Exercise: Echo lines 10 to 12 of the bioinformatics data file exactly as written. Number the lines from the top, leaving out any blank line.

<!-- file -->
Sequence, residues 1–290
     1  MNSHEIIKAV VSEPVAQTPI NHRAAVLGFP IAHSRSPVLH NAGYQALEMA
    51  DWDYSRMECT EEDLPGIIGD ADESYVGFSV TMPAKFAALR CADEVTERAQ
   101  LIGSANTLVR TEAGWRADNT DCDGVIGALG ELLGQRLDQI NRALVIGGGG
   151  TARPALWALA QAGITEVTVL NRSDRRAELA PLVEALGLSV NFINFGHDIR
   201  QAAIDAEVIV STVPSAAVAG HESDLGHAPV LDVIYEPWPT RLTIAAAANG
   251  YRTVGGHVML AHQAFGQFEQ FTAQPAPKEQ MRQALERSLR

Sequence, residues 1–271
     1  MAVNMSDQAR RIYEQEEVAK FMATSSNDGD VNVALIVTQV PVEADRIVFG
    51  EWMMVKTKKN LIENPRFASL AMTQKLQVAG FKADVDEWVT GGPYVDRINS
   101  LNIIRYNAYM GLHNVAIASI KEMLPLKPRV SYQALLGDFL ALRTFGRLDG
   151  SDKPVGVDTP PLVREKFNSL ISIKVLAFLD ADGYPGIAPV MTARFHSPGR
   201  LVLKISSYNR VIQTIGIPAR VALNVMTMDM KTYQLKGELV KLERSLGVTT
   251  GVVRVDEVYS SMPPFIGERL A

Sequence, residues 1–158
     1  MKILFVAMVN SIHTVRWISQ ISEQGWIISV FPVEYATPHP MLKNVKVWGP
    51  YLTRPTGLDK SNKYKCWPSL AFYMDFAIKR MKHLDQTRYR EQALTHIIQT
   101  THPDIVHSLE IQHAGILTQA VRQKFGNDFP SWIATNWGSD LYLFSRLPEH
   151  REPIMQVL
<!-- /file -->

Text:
    51  EWMMVKTKKN LIENPRFASL AMTQKLQVAG FKADVDEWVT GGPYVDRINS
   101  LNIIRYNAYM GLHNVAIASI KEMLPLKPRV SYQALLGDFL ALRTFGRLDG
   151  SDKPVGVDTP PLVREKFNSL ISIKVLAFLD ADGYPGIAPV MTARFHSPGR